While they don't take anything for granted, members of the sixth-ranked Stanford women's volleyball team expect to be playing deep into the NCAA tournament that begins Thursday at Maples Pavilion.
The Cardinal (22-6) faced down adversity to qualify for its 35th consecutive appearance in the NCAAs, something only Stanford and two-time defending national champions Penn State can claim.
WCC third-place finisher Loyola Marymount (22-8) and Mountain West champion Colorado State (26-3) also play Thursday, at 4:30 p.m. The survivors meet Friday at 7 p.m. for the right to advance into the Sweet Sixteen in San Diego. The regional also includes top-seeded USC.
Seniors Brittany Howard, Madi Bugg and Jordan Burgess create the core of the team, Bugg was named Pac-12 Setter of the Year a third straight season and Howard, a four-time all-conference pick, is enjoying her best season yet.
"We've asked a lot of Brittany," Stanford coach John Dunning said. "She's hitting efficiently and has taken some big swings."
Hayley Hodson, the Pac-12 Freshman of the Year, has given Stanford another effective weapon, while freshman Halland McKenna, a Pac-12 honorable mention, stepped into the libero position. Redshirt sophomore Merete Lutz, also named all-Pac-12, has been a presence in the middle.
"Given the year we've had, with a rough start, this is where I would seed us," Dunning said. "It's one of those years lots of teams are beating lots of teams."
The Trojans, for example, lost to both Washington, which features Palo Alto's Melanie Wade on the roster, and UCLA. The Huskies, seeded fifth, finished the regular season as the top-ranked team. They lost to USC and Stanford.
There are two teams in the tournament with one loss. Big West champion Hawaii, ranked seventh, dropped an early-season match to the Bruins. Sun Belt champion Arkansas State lost to Missouri.
Of Stanford's six losses, three have been to teams that have won a combined 11 national titles, and five are in the 64-team field. An argument could be made that Colorado, the fifth-place team in the Pac-12, deserved a bid too. The Buffaloes finished ahead of Arizona, Arizona State and Oregon.
The Cardinal is not the only team to sustain injuries this year, though it may have suffered the biggest loss when All-American Inky Ajanaku was injured during the summer while playing with the U.S. national team.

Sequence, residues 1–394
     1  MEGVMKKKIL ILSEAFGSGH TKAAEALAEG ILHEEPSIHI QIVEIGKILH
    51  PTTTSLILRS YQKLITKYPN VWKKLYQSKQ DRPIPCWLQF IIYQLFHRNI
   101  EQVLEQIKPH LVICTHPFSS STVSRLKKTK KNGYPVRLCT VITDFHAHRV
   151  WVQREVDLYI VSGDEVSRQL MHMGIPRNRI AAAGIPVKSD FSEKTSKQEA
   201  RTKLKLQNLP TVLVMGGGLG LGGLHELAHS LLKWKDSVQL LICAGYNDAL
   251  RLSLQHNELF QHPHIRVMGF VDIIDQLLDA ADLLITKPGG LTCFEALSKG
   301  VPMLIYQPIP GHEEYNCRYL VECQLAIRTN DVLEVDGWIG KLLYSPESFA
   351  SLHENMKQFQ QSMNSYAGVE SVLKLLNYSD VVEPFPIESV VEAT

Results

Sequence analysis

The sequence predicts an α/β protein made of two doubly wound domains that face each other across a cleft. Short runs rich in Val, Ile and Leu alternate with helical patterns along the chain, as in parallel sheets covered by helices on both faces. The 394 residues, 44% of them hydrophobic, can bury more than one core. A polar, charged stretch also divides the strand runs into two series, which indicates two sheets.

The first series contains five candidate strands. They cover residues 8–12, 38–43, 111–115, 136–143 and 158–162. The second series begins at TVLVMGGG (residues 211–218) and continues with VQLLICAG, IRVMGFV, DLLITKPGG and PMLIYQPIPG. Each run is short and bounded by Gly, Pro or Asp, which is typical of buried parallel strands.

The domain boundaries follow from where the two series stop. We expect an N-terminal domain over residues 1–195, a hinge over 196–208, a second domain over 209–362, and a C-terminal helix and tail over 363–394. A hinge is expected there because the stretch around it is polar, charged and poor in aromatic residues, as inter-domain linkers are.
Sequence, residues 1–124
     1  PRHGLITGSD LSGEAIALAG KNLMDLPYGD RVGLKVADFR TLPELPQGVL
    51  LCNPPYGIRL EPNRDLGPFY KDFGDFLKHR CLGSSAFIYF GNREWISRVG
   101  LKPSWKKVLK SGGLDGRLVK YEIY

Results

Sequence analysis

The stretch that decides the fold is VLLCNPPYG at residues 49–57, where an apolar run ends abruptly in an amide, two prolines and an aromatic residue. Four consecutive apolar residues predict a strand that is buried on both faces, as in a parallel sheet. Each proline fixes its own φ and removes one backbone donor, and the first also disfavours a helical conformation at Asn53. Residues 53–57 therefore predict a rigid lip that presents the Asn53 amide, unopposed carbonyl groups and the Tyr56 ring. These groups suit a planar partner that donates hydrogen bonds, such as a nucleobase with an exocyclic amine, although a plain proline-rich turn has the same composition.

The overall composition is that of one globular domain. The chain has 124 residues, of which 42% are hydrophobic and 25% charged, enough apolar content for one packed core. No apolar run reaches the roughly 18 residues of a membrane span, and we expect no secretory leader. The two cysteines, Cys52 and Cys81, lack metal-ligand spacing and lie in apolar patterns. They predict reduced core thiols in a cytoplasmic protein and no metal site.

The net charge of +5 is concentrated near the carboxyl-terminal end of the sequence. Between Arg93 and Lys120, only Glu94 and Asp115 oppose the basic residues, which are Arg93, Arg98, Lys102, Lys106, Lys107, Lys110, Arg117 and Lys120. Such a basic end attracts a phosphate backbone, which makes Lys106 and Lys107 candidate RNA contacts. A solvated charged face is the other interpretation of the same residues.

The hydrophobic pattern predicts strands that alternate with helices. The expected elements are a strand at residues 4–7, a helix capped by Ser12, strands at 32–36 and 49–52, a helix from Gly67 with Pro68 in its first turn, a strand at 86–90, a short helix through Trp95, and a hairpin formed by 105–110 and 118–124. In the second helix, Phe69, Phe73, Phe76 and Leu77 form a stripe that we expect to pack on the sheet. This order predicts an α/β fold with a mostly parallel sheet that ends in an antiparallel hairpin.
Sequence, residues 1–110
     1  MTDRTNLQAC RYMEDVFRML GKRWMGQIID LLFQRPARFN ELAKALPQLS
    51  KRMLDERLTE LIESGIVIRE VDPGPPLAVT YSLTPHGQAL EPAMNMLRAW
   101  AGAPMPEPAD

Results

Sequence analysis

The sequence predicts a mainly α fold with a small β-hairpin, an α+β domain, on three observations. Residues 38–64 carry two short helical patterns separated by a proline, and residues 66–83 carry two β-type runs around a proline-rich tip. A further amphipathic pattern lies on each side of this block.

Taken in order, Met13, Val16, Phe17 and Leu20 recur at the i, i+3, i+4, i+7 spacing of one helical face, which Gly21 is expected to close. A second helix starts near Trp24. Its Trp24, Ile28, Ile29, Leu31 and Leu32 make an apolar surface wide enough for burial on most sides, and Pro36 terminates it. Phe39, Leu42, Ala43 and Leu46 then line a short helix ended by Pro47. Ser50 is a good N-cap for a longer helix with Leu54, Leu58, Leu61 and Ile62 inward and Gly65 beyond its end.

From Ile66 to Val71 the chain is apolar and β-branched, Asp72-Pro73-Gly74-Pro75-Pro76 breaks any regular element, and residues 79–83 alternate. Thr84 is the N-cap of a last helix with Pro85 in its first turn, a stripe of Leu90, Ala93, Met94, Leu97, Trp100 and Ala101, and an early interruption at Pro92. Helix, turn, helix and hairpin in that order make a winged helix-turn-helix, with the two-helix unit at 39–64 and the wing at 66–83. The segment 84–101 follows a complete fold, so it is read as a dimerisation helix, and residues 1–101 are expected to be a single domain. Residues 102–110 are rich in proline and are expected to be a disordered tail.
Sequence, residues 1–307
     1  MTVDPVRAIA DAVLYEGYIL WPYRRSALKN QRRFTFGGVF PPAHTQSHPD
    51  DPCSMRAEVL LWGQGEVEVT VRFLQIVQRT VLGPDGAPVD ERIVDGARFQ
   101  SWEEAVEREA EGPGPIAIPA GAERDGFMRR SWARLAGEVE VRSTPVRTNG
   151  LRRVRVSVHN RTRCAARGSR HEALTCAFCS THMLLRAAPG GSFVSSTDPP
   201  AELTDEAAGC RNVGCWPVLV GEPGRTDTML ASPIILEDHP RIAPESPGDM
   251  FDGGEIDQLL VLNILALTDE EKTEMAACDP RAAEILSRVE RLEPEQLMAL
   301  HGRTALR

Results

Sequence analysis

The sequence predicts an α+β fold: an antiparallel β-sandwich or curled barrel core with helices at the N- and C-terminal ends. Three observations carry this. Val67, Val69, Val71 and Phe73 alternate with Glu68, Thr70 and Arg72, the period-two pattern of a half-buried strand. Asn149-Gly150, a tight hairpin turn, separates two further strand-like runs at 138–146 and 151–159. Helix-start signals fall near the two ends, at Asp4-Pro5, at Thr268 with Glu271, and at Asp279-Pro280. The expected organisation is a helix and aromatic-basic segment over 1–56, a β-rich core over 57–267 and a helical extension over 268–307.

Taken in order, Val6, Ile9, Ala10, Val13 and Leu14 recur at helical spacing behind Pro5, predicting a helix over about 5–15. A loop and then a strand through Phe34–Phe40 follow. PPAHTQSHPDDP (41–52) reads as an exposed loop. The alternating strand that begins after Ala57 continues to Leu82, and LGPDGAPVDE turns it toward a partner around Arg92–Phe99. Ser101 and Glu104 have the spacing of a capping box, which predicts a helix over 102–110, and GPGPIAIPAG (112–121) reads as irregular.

Ajanaku, who will return for her final season, is a legitimate Player of the Year candidate, and an even better teammate.
"Every day we were going through another thing," Dunning said. "We had to rethink everything. We've been tested and we're playing better and better. The three seniors have been through enough and had to fight the whole way. Their collective strength at this time of the year matters."
Ajanaku is so valuable, that the team requested she travel with them throughout the season.
"We asked her, even though she had to rehab and still go to classes," Dunning said. "She's traveled with us and she's been great."
Ajanaku wasn't the only setback. Two weeks before the season opened, Lutz, like Ajanku a middle blocker, hurt a finger and would miss the first week. Enter Ivana Vanjak, who had a crash course at the position and then went out and recorded 13 blocks in her first two matches.
Burgess, a two-time All-America and three-time all-Pac-12 pick, has dealt with a series of setbacks through the year that have affected her statistically. She remains one of the team leaders.
"She's a player," Dunning said. "Physical things have interfered and she's played through them. She knows she can still play her best volleyball. She's somebody you can count on. She's solid and she knows how to compete."
Stanford is 10-5 against the field and that includes wins over four of the top 15 ranked teams, including the top-ranked Huskies, fourth-ranked and No. 2 overall seed Minnesota, No. 12 UCLA and No. 15 Texas A&M.
It's time for Stanford to shine and the Cardinal knows how to turn on the switch.